The American debut of an award-winning Danish novel, a bestseller throughout Europe.
On his return to Norway after imprisonment in a concentration camp, Askild Eriksson is hailed as a hero. Children on the street call him “The Carpenter” because he clobbered a German soldier on the head with a stick. It turns out, though, that Askild is more of a war profiteer than a principled resister. By the time the Nazis captured him, he had already made a small fortune by stealing their lumber and selling it back to them. As Askild’s wife is dying, her grandson, Asger, determines to unearth his family’s true story before it is buried forever. This is not a book to devour in one sitting. It is, rather, a novel for settling into, and it requires a certain kind of narrative patience—a willingness to go where the story leads. Asger, an unobtrusive and trusting narrator, is willing to accept that his father, Niels, was, as a boy, guided by the ghostly voice and dubious prophecies of Rasmus “The Fang” Svensson, Niels’s great-grandfather. Asger is similarly unwilling to pass judgment on Niels’s folkloric experience in a Norwegian forest: The fact that it may have been fueled by psychedelic mushrooms does not subtract from its truth value.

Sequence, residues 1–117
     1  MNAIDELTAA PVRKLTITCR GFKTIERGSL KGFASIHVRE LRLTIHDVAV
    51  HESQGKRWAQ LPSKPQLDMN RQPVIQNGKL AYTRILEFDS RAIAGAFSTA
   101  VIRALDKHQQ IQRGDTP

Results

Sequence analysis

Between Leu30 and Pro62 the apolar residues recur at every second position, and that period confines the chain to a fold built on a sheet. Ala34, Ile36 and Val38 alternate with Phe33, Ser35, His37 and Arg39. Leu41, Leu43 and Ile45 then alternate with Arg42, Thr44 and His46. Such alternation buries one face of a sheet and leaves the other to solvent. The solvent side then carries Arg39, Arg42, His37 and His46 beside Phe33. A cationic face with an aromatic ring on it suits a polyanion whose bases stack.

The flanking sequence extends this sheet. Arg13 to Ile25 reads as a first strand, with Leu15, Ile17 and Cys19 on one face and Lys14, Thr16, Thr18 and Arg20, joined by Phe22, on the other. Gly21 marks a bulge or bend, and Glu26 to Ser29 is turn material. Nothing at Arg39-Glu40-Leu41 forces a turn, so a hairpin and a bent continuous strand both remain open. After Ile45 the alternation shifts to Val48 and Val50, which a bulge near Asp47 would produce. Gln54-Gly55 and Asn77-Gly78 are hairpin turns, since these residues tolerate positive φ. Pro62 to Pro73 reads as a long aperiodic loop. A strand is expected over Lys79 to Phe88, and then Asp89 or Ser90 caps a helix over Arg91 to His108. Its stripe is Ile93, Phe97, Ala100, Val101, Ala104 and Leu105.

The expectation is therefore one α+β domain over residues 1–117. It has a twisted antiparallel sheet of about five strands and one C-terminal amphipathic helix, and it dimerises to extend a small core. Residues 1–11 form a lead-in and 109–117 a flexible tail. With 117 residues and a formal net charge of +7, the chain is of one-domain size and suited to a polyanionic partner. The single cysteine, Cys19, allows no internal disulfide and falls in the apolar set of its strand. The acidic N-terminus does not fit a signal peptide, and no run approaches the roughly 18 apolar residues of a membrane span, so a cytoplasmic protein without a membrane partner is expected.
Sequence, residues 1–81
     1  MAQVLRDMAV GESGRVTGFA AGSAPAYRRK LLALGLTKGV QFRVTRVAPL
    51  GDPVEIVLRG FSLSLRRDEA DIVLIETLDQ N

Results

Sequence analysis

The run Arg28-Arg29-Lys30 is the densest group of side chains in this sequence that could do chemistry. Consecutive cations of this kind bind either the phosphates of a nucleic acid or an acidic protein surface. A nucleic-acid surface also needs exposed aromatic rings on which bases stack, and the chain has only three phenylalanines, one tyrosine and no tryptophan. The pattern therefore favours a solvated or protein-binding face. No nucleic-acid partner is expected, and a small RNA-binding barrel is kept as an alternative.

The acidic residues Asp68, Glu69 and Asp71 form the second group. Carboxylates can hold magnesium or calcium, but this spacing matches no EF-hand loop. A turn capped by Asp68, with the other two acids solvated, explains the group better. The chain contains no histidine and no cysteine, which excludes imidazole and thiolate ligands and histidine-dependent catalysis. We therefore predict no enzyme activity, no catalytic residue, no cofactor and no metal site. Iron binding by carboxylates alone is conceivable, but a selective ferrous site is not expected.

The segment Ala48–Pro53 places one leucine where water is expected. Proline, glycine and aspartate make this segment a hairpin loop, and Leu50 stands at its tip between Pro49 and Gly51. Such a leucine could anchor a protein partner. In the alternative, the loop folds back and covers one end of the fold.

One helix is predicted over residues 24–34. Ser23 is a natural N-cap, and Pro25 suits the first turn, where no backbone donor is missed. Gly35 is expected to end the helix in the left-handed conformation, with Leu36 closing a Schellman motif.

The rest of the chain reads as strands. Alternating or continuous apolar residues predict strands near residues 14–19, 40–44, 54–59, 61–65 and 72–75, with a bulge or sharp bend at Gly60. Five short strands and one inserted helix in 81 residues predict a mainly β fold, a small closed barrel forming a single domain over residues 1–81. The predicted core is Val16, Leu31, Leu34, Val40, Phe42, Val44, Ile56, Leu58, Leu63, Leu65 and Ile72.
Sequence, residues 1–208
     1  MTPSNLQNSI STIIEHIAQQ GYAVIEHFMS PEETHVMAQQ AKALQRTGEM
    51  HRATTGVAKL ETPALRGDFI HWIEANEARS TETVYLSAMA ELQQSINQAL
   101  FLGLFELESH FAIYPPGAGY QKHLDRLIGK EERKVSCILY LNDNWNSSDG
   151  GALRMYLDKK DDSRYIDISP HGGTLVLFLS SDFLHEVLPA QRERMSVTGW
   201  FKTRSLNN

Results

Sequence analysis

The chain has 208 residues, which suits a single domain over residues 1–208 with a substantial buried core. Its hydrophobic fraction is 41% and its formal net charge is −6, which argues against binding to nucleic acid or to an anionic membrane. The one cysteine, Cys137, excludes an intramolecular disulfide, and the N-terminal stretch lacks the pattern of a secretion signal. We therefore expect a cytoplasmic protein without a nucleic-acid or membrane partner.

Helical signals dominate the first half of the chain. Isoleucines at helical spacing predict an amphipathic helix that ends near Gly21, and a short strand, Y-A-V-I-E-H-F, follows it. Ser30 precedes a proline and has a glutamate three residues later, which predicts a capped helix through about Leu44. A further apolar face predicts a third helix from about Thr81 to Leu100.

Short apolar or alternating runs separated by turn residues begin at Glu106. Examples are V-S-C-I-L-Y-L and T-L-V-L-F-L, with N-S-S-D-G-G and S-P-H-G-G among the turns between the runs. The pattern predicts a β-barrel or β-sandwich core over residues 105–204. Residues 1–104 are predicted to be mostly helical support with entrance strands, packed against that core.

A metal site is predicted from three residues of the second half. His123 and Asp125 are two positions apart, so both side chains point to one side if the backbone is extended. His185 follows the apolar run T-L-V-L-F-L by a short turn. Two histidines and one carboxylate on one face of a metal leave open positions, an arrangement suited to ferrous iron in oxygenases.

An earthy, funny, unflinching family history.